Several weeks ago, three Moscow writers were stopped on a downtown street by police who piled out of a black Volga sedan, crying, "One of these guys looks like the robber!"

The agents quickly searched and questioned the men and confiscated their personal papers. The robbery pretext vanished. In the next few days, agents using a different pretext searched other writers' apartments, carting off every typewriter they found, as well as bundles of material that in one case represented the life work -- 15 years -- of a promising young short-story writer. None of this material is likely to be seen again.

The writers are seven young men virtually unknown in the West, who had quietly and without fanfare asked Moscow cultural authorities for permission to set up a small club, to be called Belles Lettres, to publish a limited-circulation magazine of experimental work free of official censorship. The KGB searches were the authorities' ham-handed answer to their request.

Meanwhile, the country's intellectuals were taking immense pleasure from the September edition of the literary journal Novy Mir, and the annual edition of the Day of Poetry, which appeared in October. There, to their delight, they found several long-suppressed poems by Boris Pasternak, who died in official disgrace 20 years ago and whose world-renowned novel, "Doctor Zhivago," has never been officially published here, although it circulates privately in bootleg editions in many languages, including Russian. c

The newly published Pasternak poems include uncensored texts of "Gethsemane," "Mary Magdalene," "Christmas Star," and "Hamlet," from a cycle of 24 religious poems drawn from the final section of "Doctor Zhivago."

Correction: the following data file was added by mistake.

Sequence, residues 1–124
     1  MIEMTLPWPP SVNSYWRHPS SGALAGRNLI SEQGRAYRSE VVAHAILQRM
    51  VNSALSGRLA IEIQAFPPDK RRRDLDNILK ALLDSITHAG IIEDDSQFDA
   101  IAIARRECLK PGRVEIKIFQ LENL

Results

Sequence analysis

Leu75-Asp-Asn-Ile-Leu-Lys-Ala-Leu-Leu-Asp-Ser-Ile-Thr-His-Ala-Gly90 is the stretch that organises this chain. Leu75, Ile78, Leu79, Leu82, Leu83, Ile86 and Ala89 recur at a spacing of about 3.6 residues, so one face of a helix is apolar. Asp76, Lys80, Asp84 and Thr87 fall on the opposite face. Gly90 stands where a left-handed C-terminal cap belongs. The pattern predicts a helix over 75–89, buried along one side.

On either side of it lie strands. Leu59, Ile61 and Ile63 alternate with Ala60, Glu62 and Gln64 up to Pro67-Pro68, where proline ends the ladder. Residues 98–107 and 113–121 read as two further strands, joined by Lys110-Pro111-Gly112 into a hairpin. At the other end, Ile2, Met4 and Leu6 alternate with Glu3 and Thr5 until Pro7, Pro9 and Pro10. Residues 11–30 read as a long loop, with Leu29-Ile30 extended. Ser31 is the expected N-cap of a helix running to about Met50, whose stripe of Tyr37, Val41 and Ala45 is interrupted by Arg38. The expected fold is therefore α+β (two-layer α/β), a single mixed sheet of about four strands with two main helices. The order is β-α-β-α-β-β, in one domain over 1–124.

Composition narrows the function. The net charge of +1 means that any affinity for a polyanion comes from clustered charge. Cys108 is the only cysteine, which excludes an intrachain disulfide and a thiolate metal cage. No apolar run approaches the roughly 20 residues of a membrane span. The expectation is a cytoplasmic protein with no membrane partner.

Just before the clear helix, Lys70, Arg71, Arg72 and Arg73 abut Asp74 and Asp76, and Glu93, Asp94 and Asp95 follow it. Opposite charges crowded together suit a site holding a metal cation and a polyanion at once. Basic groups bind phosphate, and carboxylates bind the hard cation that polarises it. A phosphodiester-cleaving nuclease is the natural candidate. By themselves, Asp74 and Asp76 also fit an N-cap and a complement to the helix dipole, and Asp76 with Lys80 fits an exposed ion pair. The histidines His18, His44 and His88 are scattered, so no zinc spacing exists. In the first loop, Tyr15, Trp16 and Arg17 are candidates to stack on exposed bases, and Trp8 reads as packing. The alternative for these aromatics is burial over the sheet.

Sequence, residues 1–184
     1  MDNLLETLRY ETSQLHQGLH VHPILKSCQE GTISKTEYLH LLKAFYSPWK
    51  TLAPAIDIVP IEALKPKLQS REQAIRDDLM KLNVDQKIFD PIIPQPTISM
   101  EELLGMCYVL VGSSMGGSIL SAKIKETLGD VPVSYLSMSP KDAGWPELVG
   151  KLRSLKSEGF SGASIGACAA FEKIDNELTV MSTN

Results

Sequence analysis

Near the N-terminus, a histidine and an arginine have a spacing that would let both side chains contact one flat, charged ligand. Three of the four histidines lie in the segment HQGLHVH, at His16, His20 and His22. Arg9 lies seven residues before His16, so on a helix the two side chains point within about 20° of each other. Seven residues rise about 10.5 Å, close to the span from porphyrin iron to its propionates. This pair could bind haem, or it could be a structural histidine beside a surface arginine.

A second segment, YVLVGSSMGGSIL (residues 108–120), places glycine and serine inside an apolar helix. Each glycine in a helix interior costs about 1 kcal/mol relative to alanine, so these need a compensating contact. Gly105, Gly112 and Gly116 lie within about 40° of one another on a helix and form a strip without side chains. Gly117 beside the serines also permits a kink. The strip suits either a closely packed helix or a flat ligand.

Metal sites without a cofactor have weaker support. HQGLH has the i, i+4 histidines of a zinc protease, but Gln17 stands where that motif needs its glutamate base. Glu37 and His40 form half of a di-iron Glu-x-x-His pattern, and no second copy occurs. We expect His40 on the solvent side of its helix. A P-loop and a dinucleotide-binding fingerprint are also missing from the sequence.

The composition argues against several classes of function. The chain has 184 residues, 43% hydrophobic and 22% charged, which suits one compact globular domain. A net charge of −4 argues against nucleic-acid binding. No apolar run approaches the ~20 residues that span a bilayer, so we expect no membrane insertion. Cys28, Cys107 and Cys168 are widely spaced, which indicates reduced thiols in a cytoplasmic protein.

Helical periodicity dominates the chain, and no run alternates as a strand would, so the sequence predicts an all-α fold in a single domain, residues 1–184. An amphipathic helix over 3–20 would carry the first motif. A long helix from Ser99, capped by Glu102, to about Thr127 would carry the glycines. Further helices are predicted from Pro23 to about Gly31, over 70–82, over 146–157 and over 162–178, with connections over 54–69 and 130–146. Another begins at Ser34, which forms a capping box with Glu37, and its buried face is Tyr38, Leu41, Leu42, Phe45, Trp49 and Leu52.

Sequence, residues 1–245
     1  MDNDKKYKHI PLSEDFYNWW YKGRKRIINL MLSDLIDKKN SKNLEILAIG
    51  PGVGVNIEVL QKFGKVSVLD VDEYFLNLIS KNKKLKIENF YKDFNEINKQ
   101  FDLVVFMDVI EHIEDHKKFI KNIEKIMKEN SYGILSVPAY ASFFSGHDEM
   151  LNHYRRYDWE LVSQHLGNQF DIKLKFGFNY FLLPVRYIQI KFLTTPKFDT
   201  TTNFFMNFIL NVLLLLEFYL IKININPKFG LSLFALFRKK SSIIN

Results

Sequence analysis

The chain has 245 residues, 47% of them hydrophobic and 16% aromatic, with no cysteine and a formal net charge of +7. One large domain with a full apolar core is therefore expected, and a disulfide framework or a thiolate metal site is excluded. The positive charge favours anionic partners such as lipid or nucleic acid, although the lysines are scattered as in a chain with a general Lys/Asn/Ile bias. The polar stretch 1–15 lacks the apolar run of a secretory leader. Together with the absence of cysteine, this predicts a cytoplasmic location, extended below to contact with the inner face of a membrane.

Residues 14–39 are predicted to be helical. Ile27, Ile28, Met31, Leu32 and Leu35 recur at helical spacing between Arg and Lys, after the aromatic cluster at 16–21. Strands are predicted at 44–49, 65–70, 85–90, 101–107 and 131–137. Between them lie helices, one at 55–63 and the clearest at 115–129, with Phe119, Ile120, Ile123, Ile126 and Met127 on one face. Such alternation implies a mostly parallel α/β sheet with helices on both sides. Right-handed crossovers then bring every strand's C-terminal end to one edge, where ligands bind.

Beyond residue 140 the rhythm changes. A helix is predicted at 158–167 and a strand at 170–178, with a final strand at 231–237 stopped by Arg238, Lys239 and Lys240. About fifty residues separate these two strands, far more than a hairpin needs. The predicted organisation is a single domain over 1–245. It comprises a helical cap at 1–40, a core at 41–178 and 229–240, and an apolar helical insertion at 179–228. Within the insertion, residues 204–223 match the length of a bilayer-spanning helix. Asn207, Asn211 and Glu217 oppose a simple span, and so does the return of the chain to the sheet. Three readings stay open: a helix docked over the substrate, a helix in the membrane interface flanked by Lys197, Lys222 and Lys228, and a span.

To an outsider, such utterly contradictory actions by state cultural watchdogs seem to make little sense. But the simultaneous supression of some writers and the slight rehabilitation of a major Soviet literary figure is perfectly consistent with the manipulation of cultural life achieved during the 16-year-long rule of President Leonid Brezhnev.

The subtlety of this control probably would not exist in this form if Brezhnev had not turned to the West in the 1970s. When he came to power in 1964, one of the new leader's major tasks was to end the cultural ferment touched off by Nikita Khrushchev's de-Stalinization, which the party increasingly feared because it threatened to destroy their claim to moral authority over Soviet masses by revealing widespread complicity in Stalin's crimes.

First, writers Andrei Sinyavsky and Yuli Daniel were imprisoned for sending their suppressed works abroad for publication. Yet, despite the need to halt the cultural "thaw," Stalinist tactics could not be fully reimposed. Foreign outcry over the Sinyavsky-Daniel affair showed Moscow that the more liberal Khrushchev era had irreversibly altered Western perceptions of Soviet totalitarianism, which the Kremlin could ignore only at cost to its foreign policy interests.